Sentiment analysis is an important component to anyone interested in studying large datasets of text. Like most topics in this course, James has set forth to highlight some of the underlying functionality that generates sentiment analysis output.
First, it is interesting to note that part of speech tagging, lemmatization, and rate words, elements essential to sentiment analysis are direct descendants of the work linguists have been doing for many years. The field of computational linguistics interfaces quite nicely with the work being done in digital humanities particularly for this reason. This again, is a moment of innate interdisciplinary work.
Sentiment analysis is also hyper-reliant on the human component. Interpretation of data is brought center stage in this type of research as we can not determine the accuracy of the output without interpreting the results. For the Mets vs. Royals example that James gives in his slides, there is contextual information regarding the World Series, the stakes of the game, the date, etc that come into play in understanding the data. Having accurate results is an important step, but the researchers interpretation is fundamentally important. For computer scientists/computational linguists to create more accurate sentiment analysis, digital humanities scholars and the like must utilize and improve upon the output.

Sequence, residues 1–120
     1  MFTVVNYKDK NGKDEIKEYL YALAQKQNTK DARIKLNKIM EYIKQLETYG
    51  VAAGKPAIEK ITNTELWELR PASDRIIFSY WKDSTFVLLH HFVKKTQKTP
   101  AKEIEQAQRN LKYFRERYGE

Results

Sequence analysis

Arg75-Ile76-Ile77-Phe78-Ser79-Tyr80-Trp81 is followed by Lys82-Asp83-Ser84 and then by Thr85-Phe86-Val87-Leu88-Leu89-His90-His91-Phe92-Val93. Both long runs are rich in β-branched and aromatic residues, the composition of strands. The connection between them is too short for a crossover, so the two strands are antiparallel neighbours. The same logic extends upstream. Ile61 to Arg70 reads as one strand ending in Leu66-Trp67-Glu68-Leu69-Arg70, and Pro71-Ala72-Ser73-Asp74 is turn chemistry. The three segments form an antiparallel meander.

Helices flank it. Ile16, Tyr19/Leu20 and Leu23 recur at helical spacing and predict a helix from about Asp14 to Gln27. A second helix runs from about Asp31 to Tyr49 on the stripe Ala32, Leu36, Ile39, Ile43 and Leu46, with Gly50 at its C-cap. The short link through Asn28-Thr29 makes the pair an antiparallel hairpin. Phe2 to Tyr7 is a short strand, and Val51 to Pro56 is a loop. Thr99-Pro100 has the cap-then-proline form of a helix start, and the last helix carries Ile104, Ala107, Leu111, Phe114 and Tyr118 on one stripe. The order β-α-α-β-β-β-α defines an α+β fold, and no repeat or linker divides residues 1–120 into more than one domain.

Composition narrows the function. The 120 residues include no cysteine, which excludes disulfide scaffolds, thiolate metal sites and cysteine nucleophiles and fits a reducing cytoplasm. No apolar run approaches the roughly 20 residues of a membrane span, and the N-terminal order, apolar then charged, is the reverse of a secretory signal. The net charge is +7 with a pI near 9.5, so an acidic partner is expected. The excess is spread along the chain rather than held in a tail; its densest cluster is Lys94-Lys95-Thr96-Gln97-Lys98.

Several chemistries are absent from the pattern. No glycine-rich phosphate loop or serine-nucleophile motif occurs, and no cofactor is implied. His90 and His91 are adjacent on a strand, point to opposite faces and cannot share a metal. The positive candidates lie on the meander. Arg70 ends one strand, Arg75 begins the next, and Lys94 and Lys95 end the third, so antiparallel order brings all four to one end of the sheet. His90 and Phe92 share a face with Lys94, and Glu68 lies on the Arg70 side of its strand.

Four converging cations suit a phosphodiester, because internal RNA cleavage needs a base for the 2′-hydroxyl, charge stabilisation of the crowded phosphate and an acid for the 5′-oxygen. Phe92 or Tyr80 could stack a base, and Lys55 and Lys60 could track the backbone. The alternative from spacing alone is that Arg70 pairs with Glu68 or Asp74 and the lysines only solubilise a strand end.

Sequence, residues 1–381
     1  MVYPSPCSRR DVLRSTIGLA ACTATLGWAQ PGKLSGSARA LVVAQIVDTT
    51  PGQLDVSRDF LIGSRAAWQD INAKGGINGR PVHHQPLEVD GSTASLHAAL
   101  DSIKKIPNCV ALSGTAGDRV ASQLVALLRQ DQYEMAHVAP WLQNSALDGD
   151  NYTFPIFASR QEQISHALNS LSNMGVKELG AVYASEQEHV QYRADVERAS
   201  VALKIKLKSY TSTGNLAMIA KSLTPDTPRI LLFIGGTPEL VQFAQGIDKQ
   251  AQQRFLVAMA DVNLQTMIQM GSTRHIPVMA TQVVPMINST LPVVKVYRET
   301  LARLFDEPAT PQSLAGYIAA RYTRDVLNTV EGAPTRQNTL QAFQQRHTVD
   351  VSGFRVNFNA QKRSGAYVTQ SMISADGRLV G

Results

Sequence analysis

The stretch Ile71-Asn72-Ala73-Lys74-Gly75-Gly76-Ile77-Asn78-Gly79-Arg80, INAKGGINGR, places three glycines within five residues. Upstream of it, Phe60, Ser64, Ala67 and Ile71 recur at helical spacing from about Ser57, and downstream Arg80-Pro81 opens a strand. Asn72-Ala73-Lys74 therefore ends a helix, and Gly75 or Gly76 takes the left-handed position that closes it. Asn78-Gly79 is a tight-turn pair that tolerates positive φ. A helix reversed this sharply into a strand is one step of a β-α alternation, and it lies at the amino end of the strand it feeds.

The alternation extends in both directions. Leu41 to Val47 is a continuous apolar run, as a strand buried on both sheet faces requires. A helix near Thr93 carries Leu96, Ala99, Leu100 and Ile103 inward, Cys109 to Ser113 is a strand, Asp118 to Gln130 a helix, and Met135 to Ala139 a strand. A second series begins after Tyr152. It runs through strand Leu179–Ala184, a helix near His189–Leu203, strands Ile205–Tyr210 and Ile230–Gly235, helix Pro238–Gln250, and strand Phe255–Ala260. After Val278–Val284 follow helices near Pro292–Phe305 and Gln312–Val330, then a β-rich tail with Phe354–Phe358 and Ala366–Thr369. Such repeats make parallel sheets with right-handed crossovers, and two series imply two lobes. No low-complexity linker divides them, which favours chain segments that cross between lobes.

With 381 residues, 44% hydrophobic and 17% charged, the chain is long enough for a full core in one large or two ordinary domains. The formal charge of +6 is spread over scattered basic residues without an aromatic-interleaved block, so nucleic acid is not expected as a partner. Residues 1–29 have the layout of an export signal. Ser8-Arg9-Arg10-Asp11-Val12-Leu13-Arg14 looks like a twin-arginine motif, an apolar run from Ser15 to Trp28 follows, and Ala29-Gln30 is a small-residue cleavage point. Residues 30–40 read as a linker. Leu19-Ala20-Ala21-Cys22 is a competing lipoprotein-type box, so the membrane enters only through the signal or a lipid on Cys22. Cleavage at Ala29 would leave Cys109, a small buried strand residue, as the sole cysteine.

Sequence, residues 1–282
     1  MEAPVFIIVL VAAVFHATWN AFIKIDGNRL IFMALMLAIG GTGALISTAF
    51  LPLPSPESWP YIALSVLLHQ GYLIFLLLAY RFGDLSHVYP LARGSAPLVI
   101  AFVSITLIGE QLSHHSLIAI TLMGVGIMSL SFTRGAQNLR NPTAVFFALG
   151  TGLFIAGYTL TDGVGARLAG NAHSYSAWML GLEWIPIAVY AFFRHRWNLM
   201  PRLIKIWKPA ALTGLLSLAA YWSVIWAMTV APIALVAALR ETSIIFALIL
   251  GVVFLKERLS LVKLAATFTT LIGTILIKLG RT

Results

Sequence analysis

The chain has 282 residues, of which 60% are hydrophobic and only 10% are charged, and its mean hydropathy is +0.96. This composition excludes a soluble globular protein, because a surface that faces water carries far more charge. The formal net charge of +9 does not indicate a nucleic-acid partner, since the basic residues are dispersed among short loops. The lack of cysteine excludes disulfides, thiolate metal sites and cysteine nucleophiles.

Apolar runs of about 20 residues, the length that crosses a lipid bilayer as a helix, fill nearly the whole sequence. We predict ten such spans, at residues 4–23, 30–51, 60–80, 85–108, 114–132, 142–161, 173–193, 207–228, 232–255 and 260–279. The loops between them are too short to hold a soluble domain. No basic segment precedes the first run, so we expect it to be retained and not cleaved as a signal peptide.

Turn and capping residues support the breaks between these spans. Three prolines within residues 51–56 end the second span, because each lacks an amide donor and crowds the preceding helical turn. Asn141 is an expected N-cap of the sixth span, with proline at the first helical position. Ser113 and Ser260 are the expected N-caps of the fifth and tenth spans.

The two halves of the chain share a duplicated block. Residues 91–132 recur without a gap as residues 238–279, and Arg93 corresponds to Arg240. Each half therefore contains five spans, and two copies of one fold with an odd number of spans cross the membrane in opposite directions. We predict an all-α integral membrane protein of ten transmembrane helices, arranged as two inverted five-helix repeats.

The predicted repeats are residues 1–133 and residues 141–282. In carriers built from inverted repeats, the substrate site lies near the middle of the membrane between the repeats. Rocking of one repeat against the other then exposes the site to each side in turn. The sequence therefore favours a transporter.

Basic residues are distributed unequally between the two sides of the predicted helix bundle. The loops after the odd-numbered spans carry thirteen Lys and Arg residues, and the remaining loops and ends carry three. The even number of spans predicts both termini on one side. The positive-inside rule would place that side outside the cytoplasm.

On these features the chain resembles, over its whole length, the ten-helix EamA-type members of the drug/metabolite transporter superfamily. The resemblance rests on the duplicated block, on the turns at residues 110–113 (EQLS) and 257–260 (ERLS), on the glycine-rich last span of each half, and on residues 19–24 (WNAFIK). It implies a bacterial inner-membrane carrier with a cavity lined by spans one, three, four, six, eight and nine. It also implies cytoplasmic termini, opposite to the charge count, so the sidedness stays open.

From a professional standpoint, I have come across sentiment analysis in brand management platforms. One such example is Trackur, which allows a brand to see positive, negative, and neutral mentions of it’s products/services. Essentially, the platform will aggregate mentions of specific keywords allowing the brand to see the sentiment associated with it. The announcement for this feature includes the important caveat: “It’s my philosophy that only a human can accurately navigate the nuances of the human language and understand with 100% accuracy whether a tweet, update, or posts is positive or negative.” The kicker is that this is an expensive platform. This speaks to James’ frustrations with access to data. The value of sentiment analysis in the workplace, like all random KPIs is being able to tell a valuable story with it, strategize next steps, and create active plans to make improvements to said KPIs.
In my research in particular, sentiment analysis will have value as I begin to work with the textual elements of a large set of picturebooks. Looking at a corpus of say Dr. Suess books, it would be interesting to see the sentiment analysis of the entirety of his texts. The lemmatization has potential problems considering how much invented language is used, but that’s a problem that we can tackle with a Suess specific dictionary.